“Russian Doll” Season 1 was a Netflix show that had a fresh twist on the central premise of “Groundhog Day,” in which Nadia Vulvokov (Natasha Lyonne) dies over and over again, reliving the same day, until she finds out how to break the cycle, which she did in Season 1.
Season 2 has the unfortunate dilemma of fully explaining what went on in Season 1, while upping the ante in a way that doesn’t repeat the hijinks of the first season. As such, the central premise of this season focuses on a magical New York MTA subway car that brings Natasha and fellow time-loop veteran Alan Zaveri (Charlie Barnett) back in time, through the bodies of their ancestors.
As such, Nadia initially goes back to 1982 in the form of her mother, Lenora (Chloë Sevigny), who has yet to lose the family’s golden krugerrands that were supposed to be her inheritance. Her mother is pregnant with herself, but is dating a con man named Chezare “Chez” Carrera (Sharlto Copley), whom Nadia suspects stole the krugerrands. As you can imagine, this part gets pretty weird.
Meanwhile, Alan travels back as his grandmother, Agnes (Carolyn Michelle Smith), to East Berlin in 1982, where she was studying to become an engineer as a foreign student from Ghana. She is dating a fellow student named Lenny (Sandor Funtek), who is determined to cross over to West Berlin via a tunnel Agnes designed. Alan, knowing that the Soviet Union would fall anyways in 1989, tries to urge him to wait, but finds that he is unable to change the past.
What I love the most about this season is how it illustrates the passage of time and the day-to-day struggles of each character’s ancestors, and how their lives directly affected events in the current day, both by intentional and unintentional action. Nadia eventually goes back to 1944 as her grandmother, Vera Peschauer (Ilona McCrea), in order to relive the first instance of her family losing the krugerrands, and its clear that Vera’s experiences fleeing from the Nazis and subsequently having to rebuild her life in America had a massive toll on her, that she passed down to her daughter, and through her, to Nadia.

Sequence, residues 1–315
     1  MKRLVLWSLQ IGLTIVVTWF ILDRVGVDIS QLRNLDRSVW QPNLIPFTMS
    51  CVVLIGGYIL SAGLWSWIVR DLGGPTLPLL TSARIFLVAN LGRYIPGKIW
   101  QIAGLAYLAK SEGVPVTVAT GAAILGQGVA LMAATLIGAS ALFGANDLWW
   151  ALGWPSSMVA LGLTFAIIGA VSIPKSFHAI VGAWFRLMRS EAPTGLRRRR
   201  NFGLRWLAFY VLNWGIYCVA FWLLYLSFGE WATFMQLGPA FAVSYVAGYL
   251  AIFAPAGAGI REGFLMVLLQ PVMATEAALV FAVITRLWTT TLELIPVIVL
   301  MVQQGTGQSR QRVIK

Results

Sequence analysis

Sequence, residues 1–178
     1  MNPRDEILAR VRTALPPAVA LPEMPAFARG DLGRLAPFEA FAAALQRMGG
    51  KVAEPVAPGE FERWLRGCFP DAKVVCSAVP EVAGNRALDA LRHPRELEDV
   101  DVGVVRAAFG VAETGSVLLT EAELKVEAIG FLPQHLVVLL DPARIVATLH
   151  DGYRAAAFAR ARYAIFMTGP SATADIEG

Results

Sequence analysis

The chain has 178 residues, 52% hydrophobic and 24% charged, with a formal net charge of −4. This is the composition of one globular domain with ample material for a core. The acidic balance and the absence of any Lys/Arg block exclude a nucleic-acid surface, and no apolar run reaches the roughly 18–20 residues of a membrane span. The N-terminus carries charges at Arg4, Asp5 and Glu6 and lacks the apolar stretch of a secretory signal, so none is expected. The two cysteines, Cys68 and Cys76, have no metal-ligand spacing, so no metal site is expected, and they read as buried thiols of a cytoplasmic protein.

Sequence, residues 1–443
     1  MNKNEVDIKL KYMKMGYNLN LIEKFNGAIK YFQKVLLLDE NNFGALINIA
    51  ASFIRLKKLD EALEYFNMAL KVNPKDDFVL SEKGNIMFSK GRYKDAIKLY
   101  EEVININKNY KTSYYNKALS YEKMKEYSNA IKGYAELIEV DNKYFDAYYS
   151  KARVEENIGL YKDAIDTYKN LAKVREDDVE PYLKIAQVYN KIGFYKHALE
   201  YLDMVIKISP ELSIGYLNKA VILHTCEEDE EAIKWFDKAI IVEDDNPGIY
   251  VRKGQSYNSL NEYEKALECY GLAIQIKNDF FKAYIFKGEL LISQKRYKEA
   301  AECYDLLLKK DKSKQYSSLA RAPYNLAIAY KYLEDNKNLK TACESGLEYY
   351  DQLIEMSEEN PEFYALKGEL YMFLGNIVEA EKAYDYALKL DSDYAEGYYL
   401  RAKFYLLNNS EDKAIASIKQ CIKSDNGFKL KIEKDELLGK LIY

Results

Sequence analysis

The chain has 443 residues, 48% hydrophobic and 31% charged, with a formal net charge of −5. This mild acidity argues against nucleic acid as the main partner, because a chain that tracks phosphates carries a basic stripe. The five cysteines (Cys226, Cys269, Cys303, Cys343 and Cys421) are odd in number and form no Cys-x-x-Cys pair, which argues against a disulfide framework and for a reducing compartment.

This season, however, lacks structure like Season 1 had, with the time travel mechanic accomplishing little in terms of telling a cohesive story, other than giving Nadia and Alan a much better understanding and appreciation of their ancestors.
Lyonne and Barnett deliver strong performances again as our leads, though their stories are much less connected than in Season 1. There are great individual scenes and moments in Season 2 where Lyonne and Barnett shine, but it fails to add up to a satisfying whole, most likely because Lyonne, who took over as showrunner this season, is hoping to bait Netflix and viewers into a Season 3.
Season 2 is still nowhere near a bad season of television; it’s just doesn’t quite stick the landing.
“Russian Doll” Season 2 gets a 7.5/10